The Right File Type for the Job

Your graphic designer has just sent over your logo, brand assets, and other graphics. But why so many file types for each? Service providers will request specific file types depending on the job and knowing which file to provide in these instances is important to ensure the highest quality representation of your brand. Here’s our crash course on selecting the right file for the job based on the two most common formats, raster and vector graphics.


Raster images, also commonly called bitmaps, are composed of pixels that have the ability to make up highly detailed images. Photos from your cell phone or camera are raster-based. A disadvantage to raster graphics is the file size and loss of detail when resized. Particularly when scaled up, an image will begin to lose its clarity and pixelation will occur.

Some common raster file types include:

  • Bitmap Image File (.bmp)
  • Graphics Interchange Format (.gif)
  • Joint Photographics Expert Group (.jpg)
  • Portable Network Graphic (.png)

Most commonly used images are raster-based, including the majority of those found on the web. You can easily use these images online or in your branded materials as most software can handle these file types. An advantage to PNG and GIF files is that both support transparency allowing these graphics to be overlayed over a coloured background or image.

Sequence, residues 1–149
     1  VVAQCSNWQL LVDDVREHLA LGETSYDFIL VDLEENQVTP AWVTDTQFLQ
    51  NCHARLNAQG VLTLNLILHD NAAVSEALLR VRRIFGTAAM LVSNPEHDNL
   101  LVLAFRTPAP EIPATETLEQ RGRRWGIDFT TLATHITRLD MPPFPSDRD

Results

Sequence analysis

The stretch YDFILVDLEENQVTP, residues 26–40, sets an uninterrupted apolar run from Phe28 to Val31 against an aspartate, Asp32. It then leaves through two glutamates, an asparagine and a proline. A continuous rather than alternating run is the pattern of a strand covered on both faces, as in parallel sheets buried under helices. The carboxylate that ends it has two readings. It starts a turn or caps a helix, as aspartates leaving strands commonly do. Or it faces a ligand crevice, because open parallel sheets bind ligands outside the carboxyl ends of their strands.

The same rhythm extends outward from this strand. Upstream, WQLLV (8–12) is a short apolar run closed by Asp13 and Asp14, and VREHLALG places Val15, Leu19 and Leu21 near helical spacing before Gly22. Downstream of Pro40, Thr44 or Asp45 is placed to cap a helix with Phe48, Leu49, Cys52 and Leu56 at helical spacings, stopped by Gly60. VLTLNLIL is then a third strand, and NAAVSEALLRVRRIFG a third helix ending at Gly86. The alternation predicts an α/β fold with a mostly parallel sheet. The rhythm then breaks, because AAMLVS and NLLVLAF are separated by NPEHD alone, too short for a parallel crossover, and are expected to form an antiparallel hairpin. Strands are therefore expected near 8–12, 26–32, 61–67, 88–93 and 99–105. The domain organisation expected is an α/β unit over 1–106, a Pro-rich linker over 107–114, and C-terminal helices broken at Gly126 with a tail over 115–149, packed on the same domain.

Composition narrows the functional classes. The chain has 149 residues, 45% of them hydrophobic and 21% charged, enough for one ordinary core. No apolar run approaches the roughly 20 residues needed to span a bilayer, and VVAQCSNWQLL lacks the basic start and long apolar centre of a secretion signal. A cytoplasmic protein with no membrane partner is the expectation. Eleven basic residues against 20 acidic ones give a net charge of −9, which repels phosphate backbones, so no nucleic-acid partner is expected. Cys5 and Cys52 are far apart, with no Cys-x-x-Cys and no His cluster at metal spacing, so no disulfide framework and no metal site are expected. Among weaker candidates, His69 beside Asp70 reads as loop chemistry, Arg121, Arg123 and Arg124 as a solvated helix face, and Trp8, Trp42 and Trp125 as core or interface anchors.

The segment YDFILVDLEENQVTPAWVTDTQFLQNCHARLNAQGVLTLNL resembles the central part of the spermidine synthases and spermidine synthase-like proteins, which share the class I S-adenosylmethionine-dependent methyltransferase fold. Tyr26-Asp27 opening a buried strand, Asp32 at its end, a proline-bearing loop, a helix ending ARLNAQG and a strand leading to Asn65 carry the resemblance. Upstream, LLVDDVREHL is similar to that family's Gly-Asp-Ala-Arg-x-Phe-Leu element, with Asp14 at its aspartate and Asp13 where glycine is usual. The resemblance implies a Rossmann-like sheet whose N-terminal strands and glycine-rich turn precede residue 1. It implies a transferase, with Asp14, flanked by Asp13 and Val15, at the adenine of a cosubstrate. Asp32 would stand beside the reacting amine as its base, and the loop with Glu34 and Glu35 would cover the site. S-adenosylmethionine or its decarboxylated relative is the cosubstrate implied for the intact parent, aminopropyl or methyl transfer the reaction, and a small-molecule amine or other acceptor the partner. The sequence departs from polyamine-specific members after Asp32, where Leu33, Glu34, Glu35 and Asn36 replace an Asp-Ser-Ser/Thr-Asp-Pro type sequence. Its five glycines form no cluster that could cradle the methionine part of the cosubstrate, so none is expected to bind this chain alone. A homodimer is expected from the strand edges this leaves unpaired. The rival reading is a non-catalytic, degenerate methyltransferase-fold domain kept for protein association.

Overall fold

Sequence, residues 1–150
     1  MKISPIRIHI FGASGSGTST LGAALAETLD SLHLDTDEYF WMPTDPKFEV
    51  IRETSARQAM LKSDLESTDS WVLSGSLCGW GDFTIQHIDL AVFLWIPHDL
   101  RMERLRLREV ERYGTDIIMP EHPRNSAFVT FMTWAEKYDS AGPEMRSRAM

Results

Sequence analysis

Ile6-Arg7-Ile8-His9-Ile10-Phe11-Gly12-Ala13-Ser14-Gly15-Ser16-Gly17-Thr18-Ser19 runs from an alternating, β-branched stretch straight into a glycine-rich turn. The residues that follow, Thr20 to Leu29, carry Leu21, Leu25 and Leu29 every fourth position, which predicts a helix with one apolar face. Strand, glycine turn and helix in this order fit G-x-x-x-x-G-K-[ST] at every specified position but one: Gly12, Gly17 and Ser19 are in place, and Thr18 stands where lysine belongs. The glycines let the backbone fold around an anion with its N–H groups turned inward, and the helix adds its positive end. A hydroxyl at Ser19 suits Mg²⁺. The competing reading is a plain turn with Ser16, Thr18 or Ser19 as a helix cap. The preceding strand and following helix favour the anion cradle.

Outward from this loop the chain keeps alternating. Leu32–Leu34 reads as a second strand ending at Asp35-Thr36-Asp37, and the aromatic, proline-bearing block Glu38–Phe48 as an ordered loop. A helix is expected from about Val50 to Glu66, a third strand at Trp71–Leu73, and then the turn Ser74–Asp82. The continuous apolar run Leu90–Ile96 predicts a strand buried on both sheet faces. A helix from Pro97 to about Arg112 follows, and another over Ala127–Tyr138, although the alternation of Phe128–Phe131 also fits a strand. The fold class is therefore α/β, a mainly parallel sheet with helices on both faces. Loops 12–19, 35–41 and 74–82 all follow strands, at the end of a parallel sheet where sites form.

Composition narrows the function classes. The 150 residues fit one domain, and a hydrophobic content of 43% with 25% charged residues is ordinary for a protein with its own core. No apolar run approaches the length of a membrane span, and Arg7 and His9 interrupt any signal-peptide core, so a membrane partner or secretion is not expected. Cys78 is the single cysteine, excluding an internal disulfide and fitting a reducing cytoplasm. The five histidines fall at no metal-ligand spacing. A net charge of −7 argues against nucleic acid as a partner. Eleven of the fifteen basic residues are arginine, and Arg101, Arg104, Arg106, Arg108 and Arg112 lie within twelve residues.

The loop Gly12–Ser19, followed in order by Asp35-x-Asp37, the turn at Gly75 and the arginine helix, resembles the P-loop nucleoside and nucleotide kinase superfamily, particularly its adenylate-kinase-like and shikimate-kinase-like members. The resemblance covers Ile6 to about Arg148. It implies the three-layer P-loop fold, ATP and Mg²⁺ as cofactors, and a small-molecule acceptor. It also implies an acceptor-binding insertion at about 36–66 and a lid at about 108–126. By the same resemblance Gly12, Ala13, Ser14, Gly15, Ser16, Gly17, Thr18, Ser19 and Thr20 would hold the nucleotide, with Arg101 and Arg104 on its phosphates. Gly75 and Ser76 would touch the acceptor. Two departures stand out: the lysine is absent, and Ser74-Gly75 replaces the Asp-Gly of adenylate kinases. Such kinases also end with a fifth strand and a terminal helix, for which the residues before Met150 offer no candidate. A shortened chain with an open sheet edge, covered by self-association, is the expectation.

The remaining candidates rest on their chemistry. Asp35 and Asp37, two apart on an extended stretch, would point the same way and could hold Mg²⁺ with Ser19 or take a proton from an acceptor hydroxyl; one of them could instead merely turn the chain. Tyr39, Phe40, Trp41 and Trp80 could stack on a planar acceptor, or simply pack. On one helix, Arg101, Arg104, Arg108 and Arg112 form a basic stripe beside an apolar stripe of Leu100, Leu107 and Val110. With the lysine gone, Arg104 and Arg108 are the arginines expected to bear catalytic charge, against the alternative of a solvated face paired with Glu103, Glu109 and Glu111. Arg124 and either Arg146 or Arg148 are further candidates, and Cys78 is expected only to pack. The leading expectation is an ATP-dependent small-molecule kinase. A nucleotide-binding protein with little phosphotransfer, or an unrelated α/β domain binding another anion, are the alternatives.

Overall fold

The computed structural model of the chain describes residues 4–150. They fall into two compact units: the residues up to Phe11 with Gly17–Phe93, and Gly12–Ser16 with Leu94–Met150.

Vector files are created in specialized software and based on mathematical lines, curves, and points to build an image. These graphics are generally more simplified than raster and are most often used for logos and illustrations. With vector graphics, the data making up the image keeps the file size small and allows for the file to be resized infinitely while remaining sharp with no loss in quality or pixelation.

Often service providers like print, embroidery, or sign shops will request a vector file, or more specifically one of the file types listed below:

  • Adobe Illustrator (.ai)
  • Encapsulated PostScript (.eps)
  • Portable Document Format (.pdf)
  • Scalable Vector Graphic (.svg)

As mentioned vector graphics are created in specialized software, and for that reason, there’s a good chance you won’t be able to preview AI and EPS files. These files require certain software to be installed to open, edit, and view their contents. With PDF and SVG files, however, you should be able to open both using either a web browser or select software already on your computer. One note to keep in mind is that while PDF files do support vector-based graphics, this only applies if the graphics were generated and saved in this format. Your graphic designer will be able to let you know if the file they’ve provided is a vector or not.


Choosing the right file for the job is crucial to ensuring all branded materials have the highest quality final output for your business or organization. All Alpine Creative logo packages and graphics include all common file types to ensure our clients have the files they need for a wide range of scenarios. If you’re in need of a logo, graphics, or even have an existing file that needs to be converted to another format, we can help. For all of your logo and graphic design needs, contact Alpine Creative.